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Purchasing and Supply Pros Expect 5.4% Increase in 2006 Manufacturing Revenue

Responses from the 70th Semiannual Economic Forecast, released Dec. 13 by the Business Survey Committee of the Institute for Supply Management indicate that 2006 will be a good year for manufacturers, predicting revenues and employement are on the upswing.

Expectations in manufacturing for 2006 are high, according to 75% of the responses from the 70th Semiannual Economic Forecast. The report was released Dec. 13 by the Business Survey Committee of the Institute for Supply Management. Survey respondents said they expected revenues to be greater in 2006 than in 2005. 

''Manufacturing purchasing and supply executives are optimistic about their organizations' prospects for the first half of 2006, and predict additional growth during the second half, but at a slightly slower rate,'' said Norbert Ore, chairman of ISM’s Manufacturing Business Survey Committee.
''While 2005 has been a particularly strong year overall, it has presented challenges with regard to inflationary pressures on manufacturing costs. Respondents now expect those pressures to subside somewhat in 2006 based on their overall price forecast.''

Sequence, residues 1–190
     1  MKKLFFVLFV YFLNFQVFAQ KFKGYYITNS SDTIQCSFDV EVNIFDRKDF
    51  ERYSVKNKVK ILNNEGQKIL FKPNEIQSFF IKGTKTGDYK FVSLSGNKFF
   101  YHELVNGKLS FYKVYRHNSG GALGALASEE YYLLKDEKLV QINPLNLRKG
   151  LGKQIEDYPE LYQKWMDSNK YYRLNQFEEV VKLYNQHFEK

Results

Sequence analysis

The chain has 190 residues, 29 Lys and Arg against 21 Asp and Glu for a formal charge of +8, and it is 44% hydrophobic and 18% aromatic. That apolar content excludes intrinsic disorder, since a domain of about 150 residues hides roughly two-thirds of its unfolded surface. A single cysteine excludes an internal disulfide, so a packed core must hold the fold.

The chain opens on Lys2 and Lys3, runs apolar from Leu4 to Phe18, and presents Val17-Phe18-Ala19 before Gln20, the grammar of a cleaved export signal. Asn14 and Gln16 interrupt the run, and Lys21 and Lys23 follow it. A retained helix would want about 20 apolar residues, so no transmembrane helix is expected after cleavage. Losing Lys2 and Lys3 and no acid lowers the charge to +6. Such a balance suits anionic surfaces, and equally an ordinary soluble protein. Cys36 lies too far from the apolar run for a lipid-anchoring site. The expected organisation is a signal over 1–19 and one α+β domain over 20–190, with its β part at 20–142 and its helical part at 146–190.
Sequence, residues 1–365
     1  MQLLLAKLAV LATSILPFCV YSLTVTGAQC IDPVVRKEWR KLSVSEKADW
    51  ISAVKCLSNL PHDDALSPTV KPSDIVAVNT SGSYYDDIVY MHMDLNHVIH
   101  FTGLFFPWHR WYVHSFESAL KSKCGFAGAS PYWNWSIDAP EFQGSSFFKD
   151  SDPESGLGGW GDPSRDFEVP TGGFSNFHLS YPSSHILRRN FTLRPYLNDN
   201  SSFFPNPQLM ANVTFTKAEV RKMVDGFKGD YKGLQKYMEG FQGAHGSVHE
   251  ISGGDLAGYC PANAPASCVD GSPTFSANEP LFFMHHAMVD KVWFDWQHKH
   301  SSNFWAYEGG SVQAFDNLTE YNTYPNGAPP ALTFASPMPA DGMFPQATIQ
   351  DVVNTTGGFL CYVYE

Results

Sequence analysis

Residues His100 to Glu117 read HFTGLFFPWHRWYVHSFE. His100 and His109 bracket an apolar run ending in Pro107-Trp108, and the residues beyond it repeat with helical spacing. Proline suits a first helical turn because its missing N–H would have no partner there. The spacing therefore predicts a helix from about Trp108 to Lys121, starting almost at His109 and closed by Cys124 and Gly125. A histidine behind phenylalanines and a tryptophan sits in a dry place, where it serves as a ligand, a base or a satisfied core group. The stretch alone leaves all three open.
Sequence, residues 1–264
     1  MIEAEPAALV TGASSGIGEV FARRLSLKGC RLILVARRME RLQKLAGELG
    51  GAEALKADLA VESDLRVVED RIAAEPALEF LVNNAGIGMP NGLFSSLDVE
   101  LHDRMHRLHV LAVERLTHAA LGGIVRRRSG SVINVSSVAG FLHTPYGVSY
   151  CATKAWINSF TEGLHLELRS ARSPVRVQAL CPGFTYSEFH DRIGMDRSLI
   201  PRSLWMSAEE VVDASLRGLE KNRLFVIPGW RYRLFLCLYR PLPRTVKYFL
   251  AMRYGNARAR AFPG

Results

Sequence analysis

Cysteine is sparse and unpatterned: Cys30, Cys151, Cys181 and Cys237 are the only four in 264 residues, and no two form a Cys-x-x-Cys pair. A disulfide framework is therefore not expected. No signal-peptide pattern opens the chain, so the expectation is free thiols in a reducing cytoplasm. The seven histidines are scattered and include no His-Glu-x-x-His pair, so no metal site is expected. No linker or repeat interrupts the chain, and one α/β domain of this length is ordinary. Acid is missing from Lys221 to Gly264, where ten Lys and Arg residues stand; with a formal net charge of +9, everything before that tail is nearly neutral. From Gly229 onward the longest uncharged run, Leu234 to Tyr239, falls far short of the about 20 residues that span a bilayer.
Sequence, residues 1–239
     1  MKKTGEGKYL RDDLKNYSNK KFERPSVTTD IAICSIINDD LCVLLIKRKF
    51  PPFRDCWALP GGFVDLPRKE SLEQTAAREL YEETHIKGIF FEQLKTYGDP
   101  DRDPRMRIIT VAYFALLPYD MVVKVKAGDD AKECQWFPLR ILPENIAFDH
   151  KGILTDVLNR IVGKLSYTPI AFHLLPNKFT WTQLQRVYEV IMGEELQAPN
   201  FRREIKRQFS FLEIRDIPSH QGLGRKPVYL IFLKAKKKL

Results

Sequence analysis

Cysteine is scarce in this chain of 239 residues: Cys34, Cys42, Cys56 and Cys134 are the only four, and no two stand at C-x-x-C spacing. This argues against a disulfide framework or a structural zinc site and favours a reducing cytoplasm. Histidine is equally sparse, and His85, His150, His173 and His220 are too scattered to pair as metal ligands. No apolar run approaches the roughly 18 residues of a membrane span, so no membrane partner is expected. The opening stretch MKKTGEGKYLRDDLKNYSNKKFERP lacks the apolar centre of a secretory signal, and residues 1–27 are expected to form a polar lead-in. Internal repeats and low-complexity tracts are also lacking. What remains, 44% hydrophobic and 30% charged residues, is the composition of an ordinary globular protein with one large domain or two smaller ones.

In the manufacturing sector, respondents said they are operating at 85.3% of their normal capacity, down from 86.8% reported in May 2005. Purchasing and supply executives predict that capital expenditures will increase by 9% in 2006, compared to a 19% increase reported for 2005.

''Manufacturing has gained momentum in the past several months with significant strength in new orders and production,'' Ore said, ''and is in its 30th consecutive month of growth as reported in the monthly Manufacturing ISM Report On Business.''

Manufacturers who responded said that employment in the sector will grow by 1.3%, while labor and benefits costs are expected to increase an average of 2.7%. Manufacturing purchasers are predicting growth in exports and imports. They also expect the U.S. dollar to strengthen somewhat against currencies of major trading partners.

Listed among respondents' major concerns are energy cost and supply; oil and petroleum-based products; inflation; labor and benefits costs; and continuity of supply and shortages.